European stock indexes struggled for direction on Tuesday and Wall Street futures saw small gains, as the equity rally slowed and investors weighed up the outlook for central bank rate cuts, ahead of key inflation data later in the week.

Global equity markets have surged so far this year, helped by investor enthusiasm around artificial intelligence (AI) and expectations that major central banks will cut interest rates.

The MSCI World Equity index hit fresh all-time highs last week, following chipmaker Nvidia's quarterly report.

At 1124 GMT on Tuesday it was steady just below last week's highs, up by less than 0.1% on the day.

MSCI's Europe index was up 0.2%. London's FTSE 100 was down 0.1%, and the pan-European STOXX 600 was flat . Germany's DAX was up 0.4%.

While stocks have rallied in recent months, bond markets have seen yields rise, as investors push back their expectations for rate cuts.

"There's a bit of a divergence there between what bonds see and how equities are behaving," said Hani Redha, global multi-asset portfolio manager at PineBridge.

"When the market starts to feel a little saturated with all this AI-hype, then the market starts to look around and say 'oh, where are those rate cuts that we were expecting?' and starts to realise that financial conditions will be tighter, and that's what can lead to a bit of consolidation," he said.

Markets have already pushed out the likely timing of a first Federal Reserve easing from May to June. Futures imply a little more than three quarter-point cuts this year, compared to five at the start of the month.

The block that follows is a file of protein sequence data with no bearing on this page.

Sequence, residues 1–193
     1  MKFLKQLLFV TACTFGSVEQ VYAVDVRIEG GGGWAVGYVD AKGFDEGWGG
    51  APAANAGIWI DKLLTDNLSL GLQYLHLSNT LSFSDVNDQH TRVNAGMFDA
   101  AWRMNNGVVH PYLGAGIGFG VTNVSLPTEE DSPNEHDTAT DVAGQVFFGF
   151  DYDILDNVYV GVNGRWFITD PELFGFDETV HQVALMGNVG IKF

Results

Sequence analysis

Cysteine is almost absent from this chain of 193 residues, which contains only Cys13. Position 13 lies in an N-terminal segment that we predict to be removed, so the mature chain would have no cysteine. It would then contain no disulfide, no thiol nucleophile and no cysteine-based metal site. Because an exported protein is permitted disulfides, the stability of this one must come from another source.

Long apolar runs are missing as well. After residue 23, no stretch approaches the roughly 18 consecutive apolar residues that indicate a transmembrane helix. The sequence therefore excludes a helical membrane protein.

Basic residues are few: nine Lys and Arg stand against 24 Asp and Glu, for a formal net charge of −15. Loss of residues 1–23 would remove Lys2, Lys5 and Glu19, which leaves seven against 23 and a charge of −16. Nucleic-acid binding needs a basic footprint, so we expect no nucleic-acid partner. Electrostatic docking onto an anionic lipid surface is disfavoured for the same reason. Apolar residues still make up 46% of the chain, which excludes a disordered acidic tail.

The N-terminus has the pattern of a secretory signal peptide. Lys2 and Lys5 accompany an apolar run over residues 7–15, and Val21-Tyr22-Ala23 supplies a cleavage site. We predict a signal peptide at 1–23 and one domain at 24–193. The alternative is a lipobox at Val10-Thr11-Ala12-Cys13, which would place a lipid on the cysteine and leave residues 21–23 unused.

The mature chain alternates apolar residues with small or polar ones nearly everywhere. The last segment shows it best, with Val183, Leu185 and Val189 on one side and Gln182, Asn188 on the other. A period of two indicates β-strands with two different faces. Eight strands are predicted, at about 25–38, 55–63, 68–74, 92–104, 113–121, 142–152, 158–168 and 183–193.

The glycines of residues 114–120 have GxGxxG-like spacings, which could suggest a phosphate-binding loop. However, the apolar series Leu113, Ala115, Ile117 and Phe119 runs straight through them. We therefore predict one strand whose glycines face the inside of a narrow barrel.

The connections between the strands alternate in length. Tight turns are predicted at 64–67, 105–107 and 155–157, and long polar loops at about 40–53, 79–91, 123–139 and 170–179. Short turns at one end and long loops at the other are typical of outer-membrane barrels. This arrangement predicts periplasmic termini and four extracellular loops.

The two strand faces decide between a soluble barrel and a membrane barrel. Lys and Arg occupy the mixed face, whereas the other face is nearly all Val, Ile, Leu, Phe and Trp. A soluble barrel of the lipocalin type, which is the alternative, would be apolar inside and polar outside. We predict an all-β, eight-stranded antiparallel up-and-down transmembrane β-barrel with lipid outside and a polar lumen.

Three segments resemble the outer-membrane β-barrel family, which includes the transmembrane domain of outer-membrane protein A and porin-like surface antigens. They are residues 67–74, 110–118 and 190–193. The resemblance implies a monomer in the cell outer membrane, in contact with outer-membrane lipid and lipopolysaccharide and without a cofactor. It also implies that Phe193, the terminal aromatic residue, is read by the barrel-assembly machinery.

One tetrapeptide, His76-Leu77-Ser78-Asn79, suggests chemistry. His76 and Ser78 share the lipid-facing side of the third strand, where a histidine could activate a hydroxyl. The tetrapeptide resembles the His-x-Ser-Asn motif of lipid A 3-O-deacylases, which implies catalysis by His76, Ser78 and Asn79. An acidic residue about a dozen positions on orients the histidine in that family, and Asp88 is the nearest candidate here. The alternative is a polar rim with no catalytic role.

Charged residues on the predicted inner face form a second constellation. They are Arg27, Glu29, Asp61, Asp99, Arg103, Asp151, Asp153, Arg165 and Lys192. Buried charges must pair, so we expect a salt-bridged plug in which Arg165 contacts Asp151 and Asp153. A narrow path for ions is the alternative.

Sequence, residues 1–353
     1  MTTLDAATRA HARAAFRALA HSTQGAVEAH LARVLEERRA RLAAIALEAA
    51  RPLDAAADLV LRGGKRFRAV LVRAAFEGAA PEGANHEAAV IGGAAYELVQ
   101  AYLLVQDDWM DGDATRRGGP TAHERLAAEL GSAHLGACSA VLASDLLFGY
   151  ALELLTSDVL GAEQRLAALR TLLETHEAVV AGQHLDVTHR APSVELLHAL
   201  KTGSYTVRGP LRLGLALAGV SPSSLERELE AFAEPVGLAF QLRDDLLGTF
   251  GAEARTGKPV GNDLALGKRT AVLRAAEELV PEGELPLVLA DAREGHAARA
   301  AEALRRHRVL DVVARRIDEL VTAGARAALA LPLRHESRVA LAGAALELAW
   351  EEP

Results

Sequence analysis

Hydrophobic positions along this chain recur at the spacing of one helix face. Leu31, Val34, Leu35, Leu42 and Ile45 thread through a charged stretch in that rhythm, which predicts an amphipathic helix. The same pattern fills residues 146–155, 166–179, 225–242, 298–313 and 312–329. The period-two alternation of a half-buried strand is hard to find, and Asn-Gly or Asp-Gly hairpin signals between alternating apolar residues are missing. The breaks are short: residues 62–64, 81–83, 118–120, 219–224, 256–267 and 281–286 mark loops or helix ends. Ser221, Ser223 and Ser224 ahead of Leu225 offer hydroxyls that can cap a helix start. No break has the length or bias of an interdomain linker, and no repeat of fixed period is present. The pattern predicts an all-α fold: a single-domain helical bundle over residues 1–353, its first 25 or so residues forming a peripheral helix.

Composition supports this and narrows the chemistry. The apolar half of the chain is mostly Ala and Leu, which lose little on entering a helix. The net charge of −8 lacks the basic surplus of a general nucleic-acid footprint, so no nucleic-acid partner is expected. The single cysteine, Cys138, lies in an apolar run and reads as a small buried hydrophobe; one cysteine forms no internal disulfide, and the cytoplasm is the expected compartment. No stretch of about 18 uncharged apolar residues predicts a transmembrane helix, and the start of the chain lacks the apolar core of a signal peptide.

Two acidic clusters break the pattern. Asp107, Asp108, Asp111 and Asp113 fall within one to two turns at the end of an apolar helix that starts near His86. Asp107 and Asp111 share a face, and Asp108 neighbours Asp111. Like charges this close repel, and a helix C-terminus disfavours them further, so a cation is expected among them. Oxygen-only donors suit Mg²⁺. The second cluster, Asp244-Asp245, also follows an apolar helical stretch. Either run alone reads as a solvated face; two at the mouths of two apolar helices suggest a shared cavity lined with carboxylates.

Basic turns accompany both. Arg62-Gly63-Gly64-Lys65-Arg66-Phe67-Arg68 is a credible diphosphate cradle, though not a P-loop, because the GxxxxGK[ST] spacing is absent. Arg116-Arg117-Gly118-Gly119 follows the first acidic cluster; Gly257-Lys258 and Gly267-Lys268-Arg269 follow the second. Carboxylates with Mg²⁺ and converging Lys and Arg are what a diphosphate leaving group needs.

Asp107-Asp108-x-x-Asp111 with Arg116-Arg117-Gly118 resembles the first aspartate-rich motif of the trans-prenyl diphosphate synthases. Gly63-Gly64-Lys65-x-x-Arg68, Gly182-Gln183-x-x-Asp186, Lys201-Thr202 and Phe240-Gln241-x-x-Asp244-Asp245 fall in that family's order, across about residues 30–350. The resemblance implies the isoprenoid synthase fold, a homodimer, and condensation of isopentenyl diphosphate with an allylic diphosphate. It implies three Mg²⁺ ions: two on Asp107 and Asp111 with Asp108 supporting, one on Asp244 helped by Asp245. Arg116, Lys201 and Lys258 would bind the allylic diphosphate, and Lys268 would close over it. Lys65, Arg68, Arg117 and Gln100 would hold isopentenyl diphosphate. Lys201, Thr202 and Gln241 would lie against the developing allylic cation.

U.S. stock index futures pointed to a slightly positive open for Wall Street, with S&P 500 e-minis up just 0.1% and Nasdaq e-minis up 0.2%.

The U.S. dollar index was little changed at 103.73, and the euro was also flat at $1.08525.

European government bond yields were mixed, with the benchmark 10-year German yield flat at 2.431%.

The Japanese yen strengthened against the dollar, recovering from a three-month low at 150.37, after Japan's core consumer inflation beat forecasts and held at the central bank's 2% target, reinforcing expectations that the Bank of Japan will end negative rates by April.

A survey showed that German consumer sentiment is expected to stabilize at a low level in March. France's consumer confidence unexpectedly fell in February from the previous month as inflation worries weighed again.

Consumer confidence data for the U.S. is due later in the session, but more important for traders is inflation data due later in the week.

February flash inflation data for France and Germany is due on Thursday, and for the euro zone as a whole on Friday.

January's U.S. personal consumption expenditures price index, which is the Fed's preferred measure of inflation, is due on Thursday.

U.S. Treasury markets are also expected to come under pressure from large Treasury auctions, of $127 billion on Tuesday and $42 billion on Wednesday.

"Aside from the inflation data and the robust growth data which have been leading yields to drift higher, there's also just a large amount of supply of treasuries coming from the U.S. Treasury in terms of net issuance," said PineBridge's Redha.

"That needs to be absorbed by the market and tends to push yields higher."

Oil prices fell, with Brent crude futures down 0.5% at $82.15 a barrel, and U.S. West Texas Intermediate crude futures (WTI) down 0.4% at $77.24 a barrel.

Gold was up 0.2% at $2,035.62.

Cryptocurrency bitcoin was up around 3.5% at $56,560.

(Reporting by Elizabeth Howcroft and Tom Westbrook Editing by Ros Russell and Mark Potter)